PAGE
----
I started to contemplate: not how to do everything that appears to be needed but how to look at the edge of my comfort zone. Where are the places where I can bring presence and care not only within individuals and my own faith communities, with which I am pretty comfortable, but also by bridging different communities and family relationships with whom I have natural connection but with whose differences I am not be so comfortable.
I thought of Helen Farrar’s beautiful IMCC talk a number of weeks ago in which she spoke so movingly of her struggles as a white woman, born and educated in the South and its institutions with its racial and social views. Helen recounted many moments when she struggled to understand her own mixed feelings and responses and also when she struggled to be both honest and kind in responding to hate groups and expressions of overt racism.
” How does all of this work?” she asked both herself and us. “How does all of this live in me and show up in my life and interactions with people? How can I hold space for it all? Can we find a way to hold all the parts of ourselves that may be on opposite sides, not so civil sides, with kindness and compassion? Can we remain open to the connection between those sides, with the ways they are in relationship, with the ways they may be strangers to each other, with the ways they may know each other? Can we have the spaciousness to include a civil (or polite, courteous, cordial, pleasant, kind) interaction. ”
I thought of my own role in our local Charlottesville Clergy Collective. While I am deeply committed to the mission of the CCC, tensions remain. As a non-Christian Buddhist faith leader, yet a member of a group that is largely Christian, even in the relative safety of that group, I am in the uncomfortable position of being a somewhat suspect outsider. The CCC itself recently had serious discussion about whether or not to continue to allow me/IMCC to remain as a member. How to navigate these tensions? Even more relevant, I also have to confront my own very long and challenging history with the rigid, unloving and arrogant Christian Church of my youth. I have to address a personal identity I adopted early in life: be good, keep your head down, avoid violence and conflict at all costs. In the other direction, in my family and even within IMCC, there are tensions with those who might prefer me to do just that: to stick with more traditional Dharma teachings and not speak of ways to apply the Buddha’s teachings to racial and social justice and engaged Buddhism.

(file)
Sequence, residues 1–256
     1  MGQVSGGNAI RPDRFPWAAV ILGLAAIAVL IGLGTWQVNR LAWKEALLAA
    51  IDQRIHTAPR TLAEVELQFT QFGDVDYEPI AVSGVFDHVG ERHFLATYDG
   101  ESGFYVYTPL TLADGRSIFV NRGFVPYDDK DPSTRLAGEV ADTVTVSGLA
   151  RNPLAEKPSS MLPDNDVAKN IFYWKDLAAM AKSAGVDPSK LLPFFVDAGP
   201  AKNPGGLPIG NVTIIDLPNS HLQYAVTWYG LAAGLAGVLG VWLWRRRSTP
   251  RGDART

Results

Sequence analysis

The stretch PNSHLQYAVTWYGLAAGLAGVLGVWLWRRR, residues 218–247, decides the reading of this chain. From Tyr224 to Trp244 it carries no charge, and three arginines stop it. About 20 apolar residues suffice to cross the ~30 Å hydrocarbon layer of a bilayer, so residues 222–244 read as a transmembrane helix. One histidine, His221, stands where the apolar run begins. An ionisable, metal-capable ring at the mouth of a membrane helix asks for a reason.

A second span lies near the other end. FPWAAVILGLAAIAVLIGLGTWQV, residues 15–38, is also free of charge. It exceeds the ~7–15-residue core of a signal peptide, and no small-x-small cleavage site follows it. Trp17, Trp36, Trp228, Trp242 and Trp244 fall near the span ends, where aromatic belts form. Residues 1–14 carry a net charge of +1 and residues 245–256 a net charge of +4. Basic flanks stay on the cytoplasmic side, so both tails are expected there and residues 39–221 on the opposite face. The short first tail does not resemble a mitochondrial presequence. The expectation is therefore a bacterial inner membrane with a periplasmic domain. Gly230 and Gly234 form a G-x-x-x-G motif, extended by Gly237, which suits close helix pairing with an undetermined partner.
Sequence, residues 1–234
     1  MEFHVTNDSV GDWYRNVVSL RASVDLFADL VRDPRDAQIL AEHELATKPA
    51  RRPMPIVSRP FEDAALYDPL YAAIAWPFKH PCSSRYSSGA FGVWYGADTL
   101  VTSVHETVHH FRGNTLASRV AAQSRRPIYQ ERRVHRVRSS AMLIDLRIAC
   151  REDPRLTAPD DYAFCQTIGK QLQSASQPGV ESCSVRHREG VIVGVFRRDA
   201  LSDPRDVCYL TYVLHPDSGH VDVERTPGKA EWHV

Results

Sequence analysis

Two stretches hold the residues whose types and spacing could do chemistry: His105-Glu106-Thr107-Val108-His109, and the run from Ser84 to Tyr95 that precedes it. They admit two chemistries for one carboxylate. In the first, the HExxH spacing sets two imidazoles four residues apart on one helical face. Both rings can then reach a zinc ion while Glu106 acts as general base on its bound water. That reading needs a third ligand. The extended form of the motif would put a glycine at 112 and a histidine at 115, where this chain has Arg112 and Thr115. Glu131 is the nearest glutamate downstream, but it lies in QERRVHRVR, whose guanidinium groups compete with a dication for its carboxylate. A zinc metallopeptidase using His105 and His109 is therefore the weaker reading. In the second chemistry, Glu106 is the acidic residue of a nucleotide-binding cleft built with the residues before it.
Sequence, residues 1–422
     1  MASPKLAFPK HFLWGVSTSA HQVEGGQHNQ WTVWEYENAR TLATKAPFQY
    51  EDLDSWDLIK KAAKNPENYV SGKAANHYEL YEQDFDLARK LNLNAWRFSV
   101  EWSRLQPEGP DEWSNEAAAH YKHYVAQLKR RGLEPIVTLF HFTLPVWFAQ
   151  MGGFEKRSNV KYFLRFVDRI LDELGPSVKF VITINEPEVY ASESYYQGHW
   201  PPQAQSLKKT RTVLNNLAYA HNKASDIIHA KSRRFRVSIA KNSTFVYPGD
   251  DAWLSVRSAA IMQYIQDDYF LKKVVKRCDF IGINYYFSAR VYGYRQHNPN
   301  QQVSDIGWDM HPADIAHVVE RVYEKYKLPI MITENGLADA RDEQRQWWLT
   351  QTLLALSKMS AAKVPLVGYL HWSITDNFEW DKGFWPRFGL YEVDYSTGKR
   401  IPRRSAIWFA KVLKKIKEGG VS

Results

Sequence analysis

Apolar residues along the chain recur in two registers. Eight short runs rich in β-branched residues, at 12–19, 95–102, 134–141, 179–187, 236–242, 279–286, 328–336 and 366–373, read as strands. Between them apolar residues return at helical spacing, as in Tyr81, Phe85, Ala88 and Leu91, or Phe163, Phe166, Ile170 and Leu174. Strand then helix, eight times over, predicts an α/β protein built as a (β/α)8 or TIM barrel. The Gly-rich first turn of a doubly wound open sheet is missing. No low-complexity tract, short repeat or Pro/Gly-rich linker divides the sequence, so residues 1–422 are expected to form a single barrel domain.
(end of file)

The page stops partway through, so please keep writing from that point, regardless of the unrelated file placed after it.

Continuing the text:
So, my amphibian challenge, in the CCC as in my family’s Facebook pages is, like Helen’s and – I would propose, like many of us, to not imagine that we must take on the world or even every single issue but, at the same time, to not withdraw. In the conventional world of form, to be willing to engage in “the thrilling adventure” with those with whom I am naturally connected and who also can be at the edge of my comfort zone. To stay engaged with those who are not so very challenging as to lead to my frozen and shut down overwhelm, but with whom I can nevertheless engage authentically and deeply in difference: to repeatedly look and see how we can understand each other and connect together in ever more rich and deep communities of love and diversity and inclusion.
I close with a quote from Jack Kornfield that Helen shared with me:
“To stop the war and come into the present is to discover a greatness of our own heart that can include the happiness of all beings as inseparable from our own…We see how each of us creates conflict. We see our constant likes and dislikes, the wish to resist all that frightens us…how much our struggle with life has kept our heart closed. When we let go of our battles and open our heart to things as they are, then we come to rest in the present moment. This is the beginning and the end of spiritual practice…Only in the reality of the present can we love, can we awaken, can we find peace and understanding and connection with ourselves and the world.”